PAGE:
So never book the last flight out of a city, unless you enjoy spending the night in airport hotels. Buy a Lugloc to keep track of your luggage with your phone in real-time. Put all your essentials in a small ‘go-bag’, so that in the event of natural disaster, robot uprising or zombie apocalypse, you can grab it and run. Frankly, if you are travelling to somewhere sketchy — I would take at least five minutes to think about a potential escape plan. In my experience, there are relatively few dicey situations that can’t be improved with a little foresight, a stack of cash and a portable phone charger.
#4: Route Around Roaming Charges
The days of coming home from a holiday or a business trip to an outrageous phone bill should be over for most global nomads. Sure you can pre-pay for a data bundle before you leave, but real travel pros will opt for a next generation, global service like Truphone. Truphone not only provides worldwide data and voice roaming plans, but they also offer local numbers in countries like the UK, Germany, Spain, Australia and many others — all on the same SIM. That way, your friends in New York can call you when you are on a beach in Sydney — and it will still be a local call, for them and you.
#5: Master Flight Hubs
If you are a big corporate executive, you probably don’t book your own travel — in which case you can safely ignore this tip. But if you are running your own company, or are watching costs closely — understanding the dynamics of flight hubs and airline booking systems is essential.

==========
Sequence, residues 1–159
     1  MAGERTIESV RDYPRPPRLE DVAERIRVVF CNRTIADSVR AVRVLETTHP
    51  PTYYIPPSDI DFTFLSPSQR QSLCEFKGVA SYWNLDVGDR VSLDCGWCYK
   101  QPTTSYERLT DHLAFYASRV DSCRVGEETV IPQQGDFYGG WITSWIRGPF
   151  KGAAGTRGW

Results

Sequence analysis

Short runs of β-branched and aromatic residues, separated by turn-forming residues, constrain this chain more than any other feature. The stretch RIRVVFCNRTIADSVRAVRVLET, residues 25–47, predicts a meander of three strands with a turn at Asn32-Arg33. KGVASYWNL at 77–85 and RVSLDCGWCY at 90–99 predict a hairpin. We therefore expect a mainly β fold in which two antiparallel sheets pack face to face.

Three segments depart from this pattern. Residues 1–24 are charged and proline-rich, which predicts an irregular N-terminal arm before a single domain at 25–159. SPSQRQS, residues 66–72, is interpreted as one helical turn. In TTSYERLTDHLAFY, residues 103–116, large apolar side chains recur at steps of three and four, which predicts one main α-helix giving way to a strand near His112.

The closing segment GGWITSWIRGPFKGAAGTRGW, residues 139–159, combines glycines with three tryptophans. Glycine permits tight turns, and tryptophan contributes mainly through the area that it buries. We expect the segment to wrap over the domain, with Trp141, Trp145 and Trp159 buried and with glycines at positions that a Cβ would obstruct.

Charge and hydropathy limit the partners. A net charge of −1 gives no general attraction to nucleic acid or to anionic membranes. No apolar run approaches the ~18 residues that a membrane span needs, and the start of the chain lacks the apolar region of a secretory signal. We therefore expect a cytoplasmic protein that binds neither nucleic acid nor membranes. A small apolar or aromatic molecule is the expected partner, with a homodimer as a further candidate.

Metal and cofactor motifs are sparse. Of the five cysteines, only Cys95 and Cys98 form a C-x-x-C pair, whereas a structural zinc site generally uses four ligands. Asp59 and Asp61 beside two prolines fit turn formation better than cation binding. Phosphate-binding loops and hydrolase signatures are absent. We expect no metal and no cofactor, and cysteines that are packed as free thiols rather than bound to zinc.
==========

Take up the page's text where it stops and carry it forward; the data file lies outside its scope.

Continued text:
Here is the simple truth: the same flight can cost twice as much when you travel in one direction rather than the other. Originating flights in some cities is dramatically cheaper than others. Test a few alternative routes online before you book, and you will save a lot of money. Also, find a good travel agent and learn how to incorporate ‘round the world’ fares into your plans. They will save you a fortune when you fly between business hubs, which tend to attract premium pricing.
#6: Speak Travel Geek
When things go wrong, you will find yourself talking to a call centre representative in a virtual facility outsourced to the middle of nowhere. These people can ruin your life in three mouse clicks, especially if they can’t understand you clearly. So memorise the airline call signs, more formally known as the Nato Phonetic Alphabet. As soon as they answer, bark your reservation number in code to them. Clarity will prevent mistakes and if nothing else, will make you feel like a travel Jedi for a few precious moments — that is, before they place you on hold for another hour before disconnecting you altogether.